I am a fifth year computer science PhD student at the State University of New York (SUNY) at Binghamton. I am supervised by Associate Professor Shiqi Zhang and supported by grants from the Ford Motor Company. I was supervised by Chao Chen, a full professor, during my master's program. I received my M.S. in Computer Science in 2019, and got my B.S. in Mechanical Engineering in 2016 from Chongqing University, China. Master Thesis is accessible through this Link. I have created and currently manage an open-source robot simulation project called BestMan, featuring a UR5e robotic arm and a Segway base. This is my YouTube channel, featuring several videos centered around robots by searching @yanding1760.
Feel free to contact me at firstname.lastname@example.org.
My research primarily focuses on Task and Motion Planning (TAMP), Reinforcement Learning (RL), Large Language Models (LLMs), and Vision-Language Models (VLMs), with a particular emphasis on their applications in the context of mobile manipulators (MoMa).
LLM-GROP is a method that uses prompting to extract commonsense knowledge about object configurations from a large language model and instantiates them with a task and motion planner, allowing for successful and efficient multi-object rearrangement in various environments using a mobile manipulator.
In this research, we propose ORLA*, which leverages delayed (lazy) evaluation in searching for a high-quality object pick and place sequence that considers both end-effector and mobile robot base travel.
The paper introduces a new algorithm (COWP) that uses task-oriented common sense extracted from Large Language Models to help robots handle unforeseen situations and complete complex tasks in an open world, with better success rates than previous algorithms.
The paper presents a new robot planning algorithm, TMOC, which can handle complex real-world scenarios without prior knowledge of object properties by learning them through a physics engine, outperforming existing algorithms.
Autonomous vehicles need to balance efficiency and safety when planning tasks and motions, and the algorithm Task-Motion Planning for Urban Driving (TMPUD) enables communication between planners for optimal performance.
DAVT proposes a mobile edge computing solution for vehicle trajectory data compression, which reduces data at the source and lowers communication and storage costs, using three compressors for distance, acceleration, velocity, and time data parts, and outperforms other baselines according to evaluation results.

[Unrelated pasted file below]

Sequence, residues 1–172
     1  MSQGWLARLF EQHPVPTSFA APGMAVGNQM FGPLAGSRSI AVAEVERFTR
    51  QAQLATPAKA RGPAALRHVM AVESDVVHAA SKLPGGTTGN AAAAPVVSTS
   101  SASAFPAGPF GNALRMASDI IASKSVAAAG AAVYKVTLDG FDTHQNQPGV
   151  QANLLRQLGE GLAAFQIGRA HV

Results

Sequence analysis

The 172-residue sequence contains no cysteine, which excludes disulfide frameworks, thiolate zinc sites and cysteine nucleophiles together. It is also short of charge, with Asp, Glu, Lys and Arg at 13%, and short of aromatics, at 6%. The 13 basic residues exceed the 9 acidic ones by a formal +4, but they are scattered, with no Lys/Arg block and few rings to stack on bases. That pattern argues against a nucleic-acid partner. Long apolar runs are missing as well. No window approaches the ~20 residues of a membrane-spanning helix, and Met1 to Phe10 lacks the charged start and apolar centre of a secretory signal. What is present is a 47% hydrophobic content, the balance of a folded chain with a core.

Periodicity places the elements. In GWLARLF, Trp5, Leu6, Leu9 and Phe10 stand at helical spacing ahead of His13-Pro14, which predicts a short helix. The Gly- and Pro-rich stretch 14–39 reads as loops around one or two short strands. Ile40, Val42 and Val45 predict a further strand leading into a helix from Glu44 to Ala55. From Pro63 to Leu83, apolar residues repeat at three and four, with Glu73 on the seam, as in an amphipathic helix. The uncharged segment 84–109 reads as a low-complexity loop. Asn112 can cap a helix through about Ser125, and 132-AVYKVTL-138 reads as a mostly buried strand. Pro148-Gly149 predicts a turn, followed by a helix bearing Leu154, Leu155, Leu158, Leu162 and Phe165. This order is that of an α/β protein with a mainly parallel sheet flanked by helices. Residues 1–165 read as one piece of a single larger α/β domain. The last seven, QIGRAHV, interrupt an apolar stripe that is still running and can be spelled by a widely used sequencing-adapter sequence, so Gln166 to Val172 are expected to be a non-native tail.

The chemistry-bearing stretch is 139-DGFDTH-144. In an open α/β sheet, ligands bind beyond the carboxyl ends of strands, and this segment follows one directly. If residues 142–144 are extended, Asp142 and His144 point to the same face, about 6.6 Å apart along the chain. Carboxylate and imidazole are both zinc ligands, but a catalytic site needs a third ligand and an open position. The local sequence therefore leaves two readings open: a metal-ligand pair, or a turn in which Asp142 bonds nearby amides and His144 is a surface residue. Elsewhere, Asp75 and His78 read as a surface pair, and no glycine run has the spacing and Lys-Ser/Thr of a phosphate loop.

This paper proposes an online trajectory compression framework that uses SD-Matching for GPS alignment and HCC for compression, and demonstrates its effectiveness and efficiency using real-world datasets in Beijing and deployment in Chongqing.
This paper presents an online trajectory compression framework for reducing storage, communication, and computation issues caused by massive and redundant vehicle trajectory data, consisting of two phases: online trajectory mapping and trajectory compression, using Spatial-Directional Matching and Heading Change Compression algorithms respectively, which have been evaluated with real-world datasets in Beijing and deployed in Chongqing, showing higher accuracy and efficiency compared to state-of-the-art algorithms.
This paper proposes a fuel consumption model based on GPS trajectory and OBD-II data, which can estimate the fuel usage of driving paths and help drivers choose fuel-efficient routes to reduce greenhouse gas and pollutant emissions.
Greenhouse gas emissions from vehicles in modern cities is a significant problem, but recommending fuel-efficient routes to drivers through a personalized fuel consumption model can help alleviate this issue, as demonstrated by the successful implementation of GreenPlanner in Beijing, which achieved a mean fuel consumption error of less than 7% and an average savings of 20% fuel consumption for suggested routes.